Silencing the crowd

Hayden Claesson, Sports editor

Everyone who has ever attended a sporting event knows just how fun it is to be in a large crowd cheering on a team or an athlete. Everyone loves the feeling of being hyped up in a crowd and just having fun while trying to support your team, or even try to get inside the other team’s head. The best part about cheering is that every single person involved gets caught up in the shouting, chanting and even taunting that ensues.

Cheering sections and the heckling they create are just a part of games and athletics for as long as anybody can remember; which is why when the Wisconsin Interscholastic Athletic Association (WIAA) made a 40 page (you read that right) list of things that student cheering sections can’t say, it came with some obvious backlash. Some of the rules included are that chants such as the famous “I can’t hear you” chant and “Booing of any kind” are frowned upon. The point of these rules is to provide a more friendly environment for the athletes and to promote good sportsmanship among the cheering sections.

While I don’t agree with this course of action, I understand where they are coming from. People don’t want to get criticized for their mistakes and don’t like feeling down on themselves, and when people feel down on themselves they can tend to underperform. However, handling criticism is something that people have to deal with in everyday life, and people exposed to it while they’re young helps athletes learn to deal with these things better in the future.

I think that taunting and heckling is something that create an exciting fan culture. It is simply a part of the fan experience that everyone just gets caught up in, and it takes no prisoners too. My favorite example of this was in the first round of the 2018 NBA Western Conference Playoffs when the Utah Jazz hosted the Oklahoma City Thunder in game four of the series. OKC’s star point guard Russell Westbrook got his fourth foul of the game, two more and he would be ejected. The Utah crowd was going crazy, but the star of this madness was none other than former Massachusetts governor and 2012 Republican Presidential candidate Mitt Romney, who was holding up four fingers, just in case Westbrook forgot just how many fouls he had.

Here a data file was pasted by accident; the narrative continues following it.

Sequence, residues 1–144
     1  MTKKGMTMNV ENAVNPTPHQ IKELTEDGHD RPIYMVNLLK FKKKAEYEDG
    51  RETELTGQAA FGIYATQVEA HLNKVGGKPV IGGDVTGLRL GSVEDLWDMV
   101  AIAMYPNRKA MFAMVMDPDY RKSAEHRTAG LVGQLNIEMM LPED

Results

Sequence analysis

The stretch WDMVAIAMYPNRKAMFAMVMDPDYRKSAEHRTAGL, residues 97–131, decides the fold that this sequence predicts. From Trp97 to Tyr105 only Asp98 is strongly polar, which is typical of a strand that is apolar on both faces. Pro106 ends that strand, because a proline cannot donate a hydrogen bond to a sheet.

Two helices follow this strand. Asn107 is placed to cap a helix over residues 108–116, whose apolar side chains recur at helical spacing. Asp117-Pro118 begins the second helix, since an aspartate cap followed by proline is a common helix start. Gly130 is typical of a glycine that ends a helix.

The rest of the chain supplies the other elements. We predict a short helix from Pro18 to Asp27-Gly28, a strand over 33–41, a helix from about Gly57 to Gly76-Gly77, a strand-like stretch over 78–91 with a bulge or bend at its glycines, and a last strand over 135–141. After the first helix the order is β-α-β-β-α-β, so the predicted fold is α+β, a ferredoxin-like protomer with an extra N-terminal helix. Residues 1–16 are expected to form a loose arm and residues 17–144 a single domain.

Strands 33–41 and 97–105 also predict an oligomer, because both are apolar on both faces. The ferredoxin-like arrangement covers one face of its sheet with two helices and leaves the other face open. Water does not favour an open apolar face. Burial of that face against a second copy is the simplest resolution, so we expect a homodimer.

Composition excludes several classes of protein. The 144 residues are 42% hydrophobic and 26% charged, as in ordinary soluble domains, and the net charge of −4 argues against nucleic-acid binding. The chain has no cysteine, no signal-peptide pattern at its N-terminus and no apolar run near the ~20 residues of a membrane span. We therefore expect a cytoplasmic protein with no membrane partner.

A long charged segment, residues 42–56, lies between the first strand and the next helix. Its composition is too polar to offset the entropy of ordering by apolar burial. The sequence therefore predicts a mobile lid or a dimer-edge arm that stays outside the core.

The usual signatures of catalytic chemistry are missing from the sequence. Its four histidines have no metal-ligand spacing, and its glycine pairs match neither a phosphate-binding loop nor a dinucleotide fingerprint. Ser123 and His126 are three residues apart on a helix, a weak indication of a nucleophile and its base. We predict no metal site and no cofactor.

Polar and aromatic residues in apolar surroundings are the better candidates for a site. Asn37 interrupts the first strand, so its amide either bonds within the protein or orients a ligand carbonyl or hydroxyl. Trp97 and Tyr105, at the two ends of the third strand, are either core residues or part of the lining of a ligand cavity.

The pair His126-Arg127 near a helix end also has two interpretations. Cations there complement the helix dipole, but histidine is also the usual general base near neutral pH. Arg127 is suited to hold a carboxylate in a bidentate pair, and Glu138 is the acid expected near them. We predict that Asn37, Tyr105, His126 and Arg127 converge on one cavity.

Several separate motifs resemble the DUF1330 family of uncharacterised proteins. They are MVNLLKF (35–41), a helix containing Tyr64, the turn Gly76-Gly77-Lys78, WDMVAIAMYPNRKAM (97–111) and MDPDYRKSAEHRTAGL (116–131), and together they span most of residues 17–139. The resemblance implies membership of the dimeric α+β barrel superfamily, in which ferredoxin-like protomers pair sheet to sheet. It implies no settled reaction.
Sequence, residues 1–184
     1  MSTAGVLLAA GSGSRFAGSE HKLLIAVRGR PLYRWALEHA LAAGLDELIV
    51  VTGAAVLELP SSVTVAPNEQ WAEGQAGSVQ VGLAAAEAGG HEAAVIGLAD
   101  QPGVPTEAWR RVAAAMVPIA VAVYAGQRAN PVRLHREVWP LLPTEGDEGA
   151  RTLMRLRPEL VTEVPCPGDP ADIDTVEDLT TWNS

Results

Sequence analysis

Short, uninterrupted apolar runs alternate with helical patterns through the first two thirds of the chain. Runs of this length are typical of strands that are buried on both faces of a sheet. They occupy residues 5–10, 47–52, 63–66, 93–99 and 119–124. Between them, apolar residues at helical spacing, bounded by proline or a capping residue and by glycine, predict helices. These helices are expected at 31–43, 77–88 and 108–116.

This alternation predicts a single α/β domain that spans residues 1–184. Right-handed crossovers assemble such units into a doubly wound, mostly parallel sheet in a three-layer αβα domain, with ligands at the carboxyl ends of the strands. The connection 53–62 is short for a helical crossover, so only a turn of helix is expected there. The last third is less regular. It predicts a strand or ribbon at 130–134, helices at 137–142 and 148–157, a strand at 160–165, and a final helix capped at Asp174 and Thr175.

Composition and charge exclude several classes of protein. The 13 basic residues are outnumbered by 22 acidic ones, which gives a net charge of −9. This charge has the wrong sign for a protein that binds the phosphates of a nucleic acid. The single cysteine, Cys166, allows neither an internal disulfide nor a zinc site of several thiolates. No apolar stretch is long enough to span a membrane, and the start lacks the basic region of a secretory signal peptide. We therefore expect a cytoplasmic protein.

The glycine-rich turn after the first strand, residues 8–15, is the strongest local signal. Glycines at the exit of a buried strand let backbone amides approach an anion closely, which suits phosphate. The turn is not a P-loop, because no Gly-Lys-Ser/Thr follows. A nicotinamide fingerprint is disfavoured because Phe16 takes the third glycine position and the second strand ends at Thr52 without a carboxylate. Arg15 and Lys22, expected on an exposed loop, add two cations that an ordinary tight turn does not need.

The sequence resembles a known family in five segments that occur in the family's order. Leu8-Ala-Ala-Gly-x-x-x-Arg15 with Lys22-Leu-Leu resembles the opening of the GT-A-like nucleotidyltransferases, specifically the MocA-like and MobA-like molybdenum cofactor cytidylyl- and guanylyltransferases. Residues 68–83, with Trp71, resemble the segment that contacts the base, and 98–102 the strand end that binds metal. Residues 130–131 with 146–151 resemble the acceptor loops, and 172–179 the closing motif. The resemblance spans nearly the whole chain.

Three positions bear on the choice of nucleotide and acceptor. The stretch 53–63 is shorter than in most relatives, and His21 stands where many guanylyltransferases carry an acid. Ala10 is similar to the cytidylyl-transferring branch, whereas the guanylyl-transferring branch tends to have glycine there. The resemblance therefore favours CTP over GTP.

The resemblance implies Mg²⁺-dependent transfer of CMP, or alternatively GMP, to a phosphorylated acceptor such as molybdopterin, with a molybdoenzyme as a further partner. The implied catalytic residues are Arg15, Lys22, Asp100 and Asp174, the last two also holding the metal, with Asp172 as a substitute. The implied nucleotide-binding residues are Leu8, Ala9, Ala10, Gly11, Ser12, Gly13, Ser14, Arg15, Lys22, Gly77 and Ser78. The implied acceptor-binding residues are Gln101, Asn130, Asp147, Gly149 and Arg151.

I believe that sports are supposed to be fun, and having fun expressing yourself and your opinions for the game is what makes being a spectator so great. Despite all this, there is a line to be crossed. There is a large difference between a high school crowd collectively chanting their disagreement with a ref’s call with a synonym to a male cow’s feces and straight up offensive taunting of other players.

An example of a line being crossed is in the documentary “America To Me” which investigated racial issues in the American education system at OPRF High School. In the third episode of the series, it recorded how players were treated at a football game against Hinsdale Central. During this game, a player who had a microphone on them recorded a player from Hinsdale calling him a racial slur.

This type of thing is straight up not okay.

While there are plenty of examples of fans getting silenced, the bottom line is this: fans interacting with the games are just another part of sports and helps makes sports great, and taunting opponents is just as much of the game as chirping and trash talk between players. The idea of schools and athletic associations trying to stop it only ruins part of the experience of sports.

If sports leagues and schools try to silence fans, it’ll take all the “hype” out of games. Imagine sitting in the United Center watching the Blackhawks play, with everyone sitting in silence and clapping politely whenever a player scores.

Sounds like a game everyone will be lining out the door to see.